Dagna Rams argues Bolt’s book should appeal to anthropologists interested in borderlands and political economy of agriculture.
Maxim Bolt’s book Zimbabwe’s Migrants and South Africa’s Border Farms: The Roots of Impermanence shines a light on the life of the South African borderland with Zimbabwe, where white farmers escaping Mugabe’s repressive politics moved to establish themselves and hired a black workforce. The resulting operations are fertile in seeming contradictions: while inhabiting “the hyper-policed edge of the national territory” (p. 69), the farms hired mostly migrant workers; the farms were hubs of wage labour but equally magnets for casual labour; the owners followed a sedentary life and involved in a dynamic search for economic survival outside the farm. For Bolt, the farms turn out to be perfect sites to put under the microscope the meaning of labour and global processes such as neoliberalism. His book brims with anecdotes and minute details of people’s lives.
Since its independence in 1980, as the author notes, Zimbabwe under Mugabe’s Zimbabwe African National Union-Patriotic Front (ZANU-PF) strived to redefine Zimbabwean citizenship to the exclusion of whites, farm workers and urban workers for their perceived lack of autochthonous belonging. Some of the excluded whites moved over the border, to the Limpopo Valley to recreate their economies at an arm’s length. Maxim Bolt spent 18 months on one of those farms. He was hired as a casual labourer working alongside black workers. Despite this firmly defined positionality, he explores the place from different perspectives: white men’s, waged and casual workers’, and occasional solitary border guards, who wander into the field as they pursue companionship and sex. The white men derive a sense of superiority from pioneer stories that they tell and re-tell about how they projected their vision onto the empty land to now reap its fruits. The black farmers are divided by class, political background and type of work contract. They forge and fall out of alliances.
Bolt pays attention to resonances between space and life, narratives and feelings. White farm owners are seen as leading solitary lives in their removed luxurious residences. Theories about racial difference are in part the reasons why they feel that they have much work to do and as such have no time to socialise. Black farm workers in turn populate more or less transitory spaces of compounds, where levels of domestication and decoration signpost the length and stability of their contracts. “Workplaces are life places” (p. 5), the author emphasises. The wives who occasionally come to visit momentarily breath in domestic life to what is otherwise life dominated by work.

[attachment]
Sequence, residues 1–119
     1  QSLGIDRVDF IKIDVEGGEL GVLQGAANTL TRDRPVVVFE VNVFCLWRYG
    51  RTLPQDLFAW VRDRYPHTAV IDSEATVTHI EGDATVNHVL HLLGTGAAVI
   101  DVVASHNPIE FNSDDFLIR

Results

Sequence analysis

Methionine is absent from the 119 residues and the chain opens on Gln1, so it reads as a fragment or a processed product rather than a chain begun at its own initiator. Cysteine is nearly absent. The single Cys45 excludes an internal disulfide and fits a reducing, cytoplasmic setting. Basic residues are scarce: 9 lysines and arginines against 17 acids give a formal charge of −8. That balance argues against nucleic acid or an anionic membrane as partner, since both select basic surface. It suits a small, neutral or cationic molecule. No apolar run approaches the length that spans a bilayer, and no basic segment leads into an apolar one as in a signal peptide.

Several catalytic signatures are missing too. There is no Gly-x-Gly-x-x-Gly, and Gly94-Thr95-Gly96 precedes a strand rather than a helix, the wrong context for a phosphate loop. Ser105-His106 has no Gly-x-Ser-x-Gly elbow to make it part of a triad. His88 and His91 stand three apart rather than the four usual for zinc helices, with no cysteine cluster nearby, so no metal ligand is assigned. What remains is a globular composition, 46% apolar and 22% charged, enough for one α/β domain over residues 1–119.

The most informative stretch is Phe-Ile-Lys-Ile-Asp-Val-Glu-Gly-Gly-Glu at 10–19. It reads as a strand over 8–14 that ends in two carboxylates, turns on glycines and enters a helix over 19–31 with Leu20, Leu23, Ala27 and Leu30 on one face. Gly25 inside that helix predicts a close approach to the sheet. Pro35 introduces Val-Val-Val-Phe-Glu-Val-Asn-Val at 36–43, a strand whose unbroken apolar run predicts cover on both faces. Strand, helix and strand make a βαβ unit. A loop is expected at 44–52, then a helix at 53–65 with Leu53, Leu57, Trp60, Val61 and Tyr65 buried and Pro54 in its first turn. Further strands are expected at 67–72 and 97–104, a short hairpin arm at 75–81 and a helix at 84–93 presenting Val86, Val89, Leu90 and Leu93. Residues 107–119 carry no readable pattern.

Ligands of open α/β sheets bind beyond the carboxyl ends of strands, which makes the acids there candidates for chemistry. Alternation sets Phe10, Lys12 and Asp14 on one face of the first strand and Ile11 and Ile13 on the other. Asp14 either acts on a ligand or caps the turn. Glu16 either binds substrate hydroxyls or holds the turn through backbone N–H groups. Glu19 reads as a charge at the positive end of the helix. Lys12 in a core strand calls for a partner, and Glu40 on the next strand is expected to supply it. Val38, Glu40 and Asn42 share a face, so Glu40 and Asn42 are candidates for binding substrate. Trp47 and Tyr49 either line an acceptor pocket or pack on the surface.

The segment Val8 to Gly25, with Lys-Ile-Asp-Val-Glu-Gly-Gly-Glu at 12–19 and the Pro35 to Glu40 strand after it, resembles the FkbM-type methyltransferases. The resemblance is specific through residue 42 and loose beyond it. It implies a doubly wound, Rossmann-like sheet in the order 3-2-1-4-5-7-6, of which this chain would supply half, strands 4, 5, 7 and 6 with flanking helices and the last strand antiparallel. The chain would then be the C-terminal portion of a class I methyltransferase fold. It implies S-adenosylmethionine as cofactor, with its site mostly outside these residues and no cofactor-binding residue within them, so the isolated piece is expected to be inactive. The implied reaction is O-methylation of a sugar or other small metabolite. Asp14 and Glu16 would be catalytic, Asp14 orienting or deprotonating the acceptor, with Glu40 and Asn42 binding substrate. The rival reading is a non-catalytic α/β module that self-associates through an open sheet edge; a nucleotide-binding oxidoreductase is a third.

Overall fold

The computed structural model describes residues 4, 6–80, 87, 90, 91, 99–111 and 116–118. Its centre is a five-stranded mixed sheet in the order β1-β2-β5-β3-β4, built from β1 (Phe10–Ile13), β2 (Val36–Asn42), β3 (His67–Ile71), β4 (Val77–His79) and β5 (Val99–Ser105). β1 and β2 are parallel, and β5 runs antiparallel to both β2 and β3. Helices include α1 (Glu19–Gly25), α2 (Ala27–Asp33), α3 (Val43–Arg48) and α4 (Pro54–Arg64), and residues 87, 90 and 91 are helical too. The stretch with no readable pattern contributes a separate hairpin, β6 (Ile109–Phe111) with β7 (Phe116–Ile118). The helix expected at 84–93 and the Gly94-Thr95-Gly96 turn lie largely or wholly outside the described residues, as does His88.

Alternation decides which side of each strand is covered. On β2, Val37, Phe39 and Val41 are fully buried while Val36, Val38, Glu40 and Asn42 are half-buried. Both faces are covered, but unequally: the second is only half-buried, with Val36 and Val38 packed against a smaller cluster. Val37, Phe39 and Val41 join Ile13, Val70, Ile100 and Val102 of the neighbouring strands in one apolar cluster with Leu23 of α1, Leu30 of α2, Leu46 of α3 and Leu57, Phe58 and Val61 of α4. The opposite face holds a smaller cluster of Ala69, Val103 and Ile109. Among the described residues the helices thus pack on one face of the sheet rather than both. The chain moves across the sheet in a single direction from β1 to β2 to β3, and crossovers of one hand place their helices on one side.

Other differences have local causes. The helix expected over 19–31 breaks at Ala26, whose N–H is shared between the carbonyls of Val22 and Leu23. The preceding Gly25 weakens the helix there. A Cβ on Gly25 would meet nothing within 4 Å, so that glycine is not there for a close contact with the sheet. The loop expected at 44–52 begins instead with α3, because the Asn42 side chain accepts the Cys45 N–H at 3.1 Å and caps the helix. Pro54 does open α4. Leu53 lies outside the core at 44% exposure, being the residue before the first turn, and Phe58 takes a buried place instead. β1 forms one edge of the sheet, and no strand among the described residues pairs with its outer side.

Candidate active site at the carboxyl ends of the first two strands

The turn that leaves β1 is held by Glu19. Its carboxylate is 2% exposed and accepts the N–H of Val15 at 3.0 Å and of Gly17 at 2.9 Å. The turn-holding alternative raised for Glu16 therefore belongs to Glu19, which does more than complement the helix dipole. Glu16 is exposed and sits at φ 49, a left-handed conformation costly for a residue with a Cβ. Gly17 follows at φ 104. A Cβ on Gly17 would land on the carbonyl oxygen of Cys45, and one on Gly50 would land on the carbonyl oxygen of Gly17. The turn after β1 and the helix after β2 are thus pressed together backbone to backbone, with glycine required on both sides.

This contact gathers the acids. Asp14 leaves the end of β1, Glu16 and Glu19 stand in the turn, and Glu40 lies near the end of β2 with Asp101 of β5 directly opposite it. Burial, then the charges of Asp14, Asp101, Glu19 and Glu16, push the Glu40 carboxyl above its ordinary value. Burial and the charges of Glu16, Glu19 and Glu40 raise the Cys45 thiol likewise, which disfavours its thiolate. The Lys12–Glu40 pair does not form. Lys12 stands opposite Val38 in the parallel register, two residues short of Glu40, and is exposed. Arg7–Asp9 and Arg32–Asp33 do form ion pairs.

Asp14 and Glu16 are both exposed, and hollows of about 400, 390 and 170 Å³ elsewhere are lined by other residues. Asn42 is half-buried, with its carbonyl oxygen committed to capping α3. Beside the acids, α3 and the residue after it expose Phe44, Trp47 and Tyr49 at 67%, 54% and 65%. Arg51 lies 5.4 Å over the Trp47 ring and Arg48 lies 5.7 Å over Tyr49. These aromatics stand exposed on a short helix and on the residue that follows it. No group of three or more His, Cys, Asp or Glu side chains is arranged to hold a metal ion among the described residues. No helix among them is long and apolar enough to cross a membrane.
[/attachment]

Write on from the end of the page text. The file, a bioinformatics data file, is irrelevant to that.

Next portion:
Committed to the anthropological view from below, the author is careful not to see his field site as a simple example of global processes that could have observed elsewhere. The description of local political economy is nuanced. “Local arrangements are through to be so ad hoc and fleeting that contracts collapse into informality, employment into entrepreneurialism […] But here local centre of capitalist production […] represents centres of gravity, islands of wage labour in a sea of informal arrangements” (p. 5). In consequence, similarities to neoliberalism are the effect of “accidental neoliberalism” (p. 24), where “neoliberal effects here are partially divorced from neoliberal causes” (ibid). The white farmers are not simple “capitalists darting around the globe in hypermobile pursuit of profit” but rather “success in any one farming enterprise requires the investment of considerable time” thus “flexible accumulation is itself dependent on highly non-flexible and structured arrangements” (p. 25).
Bolt’s book fits like a piece of a missing puzzle into the existing scholarship on the region. In the midst of the general economic trends, works about the labour reserve are fewer whilst research about strategies to minimise the effects of economic crisis are published more. As a book that talks about a “hub of wage labour” amidst crisis-ridden border, is in a perfect position to explore the changing economic trends. In the midst of the colonial and post-colonial fixation on borders as crucial for national security and integrity of labour markets, border farms are perfect sites to reveal how these transitions play out.
Bolt’s book should appeal to anthropologists interested in borderlands and political economy of agriculture. Others might find here an interesting insight into the shared economic history of Zimbabwe and South Africa. The book is an ambitious text masterfully jumping scales – from the description micro-workings of a rivalry between two black workers to macro-analysis of relations of labour in neoliberalism. Those who feel that social truth is revealed in everyday details, as well as those look for sure knowledge from statistics and historical records, will all find their preferred path towards understanding labour, capitalism, sovereignty and social change at the borderlands.
Dagna Rams (@dagnna) is a doctoral student at the University of Lausanne. Her research is on politics and informal economies of electronic waste in Accra, Ghana.
The views expressed in this post are those of the author and in no way reflect those of the Africa at LSE blog, the Firoz Lalji Centre for Africa or the London School of Economics and Political Science.